My pet project needs geeky help.

So, I’ve developed a bit of a pet peeve over the years against glo-sticks, and their myriad variations of use once and throw away bright and shinies. I’ve set up a website that I want to be a great place to find and discuss glo-stick alternatives. I’ve done some digging, and put up a few items. If you have any favorite light toys, could you go take a look at Death to Playa Glo Worms and post your suggestion(s)? If there isn’t a category for you favorite toy(s) let me know and I’ll create it.




The Public Domain is a Dangerous Place…

Burning Man co-founder sues to put name, logo in public domain
By MARCUS WOHLSEN, Associated Press Writer
Wednesday, January 10, 2007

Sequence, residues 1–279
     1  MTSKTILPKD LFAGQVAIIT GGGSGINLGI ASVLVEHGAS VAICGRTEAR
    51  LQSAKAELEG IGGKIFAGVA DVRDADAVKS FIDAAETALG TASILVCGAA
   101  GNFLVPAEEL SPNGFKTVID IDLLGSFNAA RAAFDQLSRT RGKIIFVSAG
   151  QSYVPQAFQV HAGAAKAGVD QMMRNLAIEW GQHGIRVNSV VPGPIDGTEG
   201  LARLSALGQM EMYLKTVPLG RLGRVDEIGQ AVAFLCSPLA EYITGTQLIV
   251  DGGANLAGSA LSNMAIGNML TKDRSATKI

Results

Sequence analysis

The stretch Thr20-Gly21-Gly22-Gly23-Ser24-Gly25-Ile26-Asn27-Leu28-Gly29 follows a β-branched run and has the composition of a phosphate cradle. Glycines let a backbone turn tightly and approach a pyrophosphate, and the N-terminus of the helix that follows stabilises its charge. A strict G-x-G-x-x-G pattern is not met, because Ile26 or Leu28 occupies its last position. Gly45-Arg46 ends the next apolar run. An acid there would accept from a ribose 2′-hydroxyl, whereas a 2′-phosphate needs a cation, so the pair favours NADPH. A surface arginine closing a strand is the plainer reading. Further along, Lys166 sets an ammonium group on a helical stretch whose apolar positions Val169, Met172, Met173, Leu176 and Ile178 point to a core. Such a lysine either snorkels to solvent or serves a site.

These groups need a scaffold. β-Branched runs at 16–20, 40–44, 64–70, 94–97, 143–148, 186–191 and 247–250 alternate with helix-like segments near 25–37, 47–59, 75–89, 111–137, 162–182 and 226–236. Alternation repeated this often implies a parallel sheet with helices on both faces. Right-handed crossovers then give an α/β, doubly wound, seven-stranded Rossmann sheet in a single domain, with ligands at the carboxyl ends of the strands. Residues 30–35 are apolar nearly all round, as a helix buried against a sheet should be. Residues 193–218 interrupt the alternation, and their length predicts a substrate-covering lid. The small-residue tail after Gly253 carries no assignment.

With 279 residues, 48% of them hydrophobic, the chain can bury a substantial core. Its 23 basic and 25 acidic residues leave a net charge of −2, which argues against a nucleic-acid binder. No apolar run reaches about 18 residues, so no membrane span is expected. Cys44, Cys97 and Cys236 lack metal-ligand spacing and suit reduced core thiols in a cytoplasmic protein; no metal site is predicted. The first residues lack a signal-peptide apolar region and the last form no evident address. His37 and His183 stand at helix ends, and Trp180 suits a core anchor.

01-10 17:58 PST San Francisco AP —

Theres trouble in the desert.

A co-founder of Burning Man, the annual six-day festival of self-expression that culminates in the torching of a 40-foot effigy on the salt flats of northern Nevada, has sued his ex-partners to strip them of ownership of the events name and logo and place the rights to their trademarks in the public domain.

John Law, who helped transform a series of small bonfire parties on a San Francisco beach into a phenomenon that drew more than 39,000 last year, filed suit against Burning Man board members Larry Harvey and Michael Mikel in federal court Tuesday.

Harvey and Mikel have both recently tried to claim sole ownership over Burning Mans trademarks, violating an agreement the three signed after Law split with the organization in 1996, Law alleged in the suit.

“I decided to fight to keep anyone from having an exclusive right to capitalize on these brands,” Law wrote on his blog. “Burning Man belongs to everyone.”

… more in the article linked above …

I am Burner, but with only two burns under my belt I am the first to admit that I’m a novice on the scene. As a computer programmer though, intellectual property rights have been a concern of mine for decades.